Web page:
6. Cardiovascular Health

Heart and Blood Vessel Repair: Sleep helps repair and restore the cardiovascular system. It supports the healing of the heart and blood vessels, reducing the risk of heart disease and hypertension.
Blood Pressure Regulation: Adequate sleep helps regulate blood pressure by allowing the heart to slow down and blood vessels to relax, reducing overall cardiovascular strain.

7. Hormonal Balance

Cortisol Regulation: Sleep helps regulate cortisol levels. Cortisol is a stress hormone that can inhibit growth and repair if levels are too high. Proper sleep ensures cortisol levels remain balanced, supporting recovery processes.

Leptin and Ghrelin Balance: These hormones regulate hunger and satiety. Sleep helps maintain their balance, which is crucial for maintaining a healthy weight and providing the nutrients needed for physical recovery.

8. Bone Health

Bone Remodeling: Sleep supports bone remodeling, a process where old bone tissue is replaced by new tissue. This is crucial for maintaining bone density and strength.

Athletic Performance.

There is a need for athletes to receive individualised support and education regarding their sleep and recovery practices depending on the sport that they partake in. 

Athletes experience stress for various reasons including periods of both acute and residual fatigue due to heavy training and competition schedules, football is the perfect example of a sport that causes these stresses. Slowing down the recovery process is said to be vital for performance, e.g sleep, cold water immersion, massage and compression.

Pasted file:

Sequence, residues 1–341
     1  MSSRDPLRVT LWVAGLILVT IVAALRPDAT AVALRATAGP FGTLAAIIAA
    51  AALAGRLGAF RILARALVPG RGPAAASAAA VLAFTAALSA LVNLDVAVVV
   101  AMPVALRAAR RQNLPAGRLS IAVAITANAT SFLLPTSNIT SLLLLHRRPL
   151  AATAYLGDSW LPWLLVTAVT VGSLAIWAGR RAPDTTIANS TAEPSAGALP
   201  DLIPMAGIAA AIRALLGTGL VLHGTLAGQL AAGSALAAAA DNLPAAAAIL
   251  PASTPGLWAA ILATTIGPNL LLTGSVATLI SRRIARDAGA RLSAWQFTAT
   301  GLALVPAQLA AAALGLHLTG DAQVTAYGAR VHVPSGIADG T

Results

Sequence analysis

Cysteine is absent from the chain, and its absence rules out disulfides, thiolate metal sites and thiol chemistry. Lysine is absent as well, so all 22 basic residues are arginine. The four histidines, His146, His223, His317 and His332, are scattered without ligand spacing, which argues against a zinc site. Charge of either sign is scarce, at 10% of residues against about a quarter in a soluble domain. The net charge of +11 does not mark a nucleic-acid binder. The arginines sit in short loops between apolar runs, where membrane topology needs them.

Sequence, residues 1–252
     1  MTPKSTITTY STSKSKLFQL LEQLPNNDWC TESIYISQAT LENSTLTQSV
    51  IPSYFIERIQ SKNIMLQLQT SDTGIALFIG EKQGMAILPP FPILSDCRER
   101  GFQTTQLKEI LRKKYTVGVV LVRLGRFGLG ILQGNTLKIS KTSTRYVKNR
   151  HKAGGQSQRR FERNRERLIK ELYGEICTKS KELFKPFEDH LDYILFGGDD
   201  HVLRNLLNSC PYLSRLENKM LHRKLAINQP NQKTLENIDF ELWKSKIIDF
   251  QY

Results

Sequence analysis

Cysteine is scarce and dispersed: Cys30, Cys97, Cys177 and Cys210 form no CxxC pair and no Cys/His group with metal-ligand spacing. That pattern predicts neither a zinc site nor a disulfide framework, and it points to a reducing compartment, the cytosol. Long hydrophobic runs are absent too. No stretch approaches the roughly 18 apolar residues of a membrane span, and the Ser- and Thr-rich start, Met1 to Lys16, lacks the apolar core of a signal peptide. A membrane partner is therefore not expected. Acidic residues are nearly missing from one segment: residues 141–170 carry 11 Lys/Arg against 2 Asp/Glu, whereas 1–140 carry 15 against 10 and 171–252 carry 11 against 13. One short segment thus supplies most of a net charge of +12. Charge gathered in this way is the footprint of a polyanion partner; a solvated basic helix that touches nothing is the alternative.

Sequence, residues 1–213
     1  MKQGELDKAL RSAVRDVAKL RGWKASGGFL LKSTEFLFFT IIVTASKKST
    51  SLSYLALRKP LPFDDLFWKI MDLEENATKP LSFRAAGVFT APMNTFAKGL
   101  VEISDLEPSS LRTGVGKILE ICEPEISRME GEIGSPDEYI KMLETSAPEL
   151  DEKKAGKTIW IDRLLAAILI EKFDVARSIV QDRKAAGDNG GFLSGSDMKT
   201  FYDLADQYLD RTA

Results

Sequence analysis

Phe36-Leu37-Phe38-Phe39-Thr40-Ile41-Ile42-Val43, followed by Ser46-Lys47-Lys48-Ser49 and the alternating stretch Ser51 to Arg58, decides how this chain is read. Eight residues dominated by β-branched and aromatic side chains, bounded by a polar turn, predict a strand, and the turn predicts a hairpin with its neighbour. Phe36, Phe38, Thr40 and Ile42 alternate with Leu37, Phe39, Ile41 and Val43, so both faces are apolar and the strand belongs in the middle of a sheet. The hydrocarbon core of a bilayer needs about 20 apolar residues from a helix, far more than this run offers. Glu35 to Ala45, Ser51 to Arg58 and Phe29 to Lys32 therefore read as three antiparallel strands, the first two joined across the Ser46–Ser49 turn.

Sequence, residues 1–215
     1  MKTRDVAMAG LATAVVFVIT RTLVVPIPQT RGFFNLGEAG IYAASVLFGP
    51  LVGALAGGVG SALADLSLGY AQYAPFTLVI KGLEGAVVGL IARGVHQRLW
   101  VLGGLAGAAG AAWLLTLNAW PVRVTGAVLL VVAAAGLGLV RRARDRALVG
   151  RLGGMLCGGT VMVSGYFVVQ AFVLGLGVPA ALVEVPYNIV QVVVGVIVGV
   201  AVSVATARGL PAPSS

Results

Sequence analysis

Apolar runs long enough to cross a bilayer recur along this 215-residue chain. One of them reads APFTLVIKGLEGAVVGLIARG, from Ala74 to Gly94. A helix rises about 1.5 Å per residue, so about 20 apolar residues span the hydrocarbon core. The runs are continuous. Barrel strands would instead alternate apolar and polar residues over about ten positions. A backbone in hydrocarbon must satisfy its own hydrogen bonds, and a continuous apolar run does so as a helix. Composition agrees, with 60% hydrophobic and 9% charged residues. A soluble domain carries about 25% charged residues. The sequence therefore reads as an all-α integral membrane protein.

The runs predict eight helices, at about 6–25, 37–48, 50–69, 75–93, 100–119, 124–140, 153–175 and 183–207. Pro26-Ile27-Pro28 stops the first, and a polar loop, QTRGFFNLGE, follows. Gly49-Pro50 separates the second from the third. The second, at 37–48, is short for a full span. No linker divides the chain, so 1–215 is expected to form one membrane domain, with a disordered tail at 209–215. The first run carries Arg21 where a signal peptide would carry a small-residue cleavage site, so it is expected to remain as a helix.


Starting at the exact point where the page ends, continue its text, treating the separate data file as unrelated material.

It has been reported that sleep was the most important recovery tool for performance improvement in elite athletes. As stated above, the restorative effect sleep has on the immune system, and the role it plays in cognitive function, stimulates the recovery of the nervous system from the stresses of sport. It has been hypothesised that sleep, particularly slow-wave sleep (Stage N3), is essential for physical recovery because of its association with growth hormone release.

Sleep deprivation leads to elevated stress hormone levels, impaired glycogen regeneration, disrupted appetite regulation, altered energy expenditure, increased muscle breakdown, and decreased muscle repair rate. Consequently, adequate sleep is crucial for promoting post-exercise recovery, reducing fatigue, and reversing fatigue-inducing processes.

So all of this is why the Dream+ was developed in collaboration with sleep scientists from Manchester United, to create a mattress that provides the perfect night’s sleep, ensuring an optimal sleeping experience.

Disclaimer: The information provided here is for general informational purposes only and should not be considered a substitute for professional medical advice, diagnosis, or treatment. Always seek the advice of your physician or other qualified healthcare provider with any questions you may have regarding a medical condition. Never disregard professional medical advice or delay in seeking it because of something you have read or heard. Reliance on any information provided here is solely at your own risk. If you think you may have a medical emergency, call your doctor or emergency services immediately. The opinions expressed by this blog are not a substitute for professional medical advice and should not be interpreted as a diagnosis or treatment plan. Always consult with your healthcare provider before making any decisions about your health.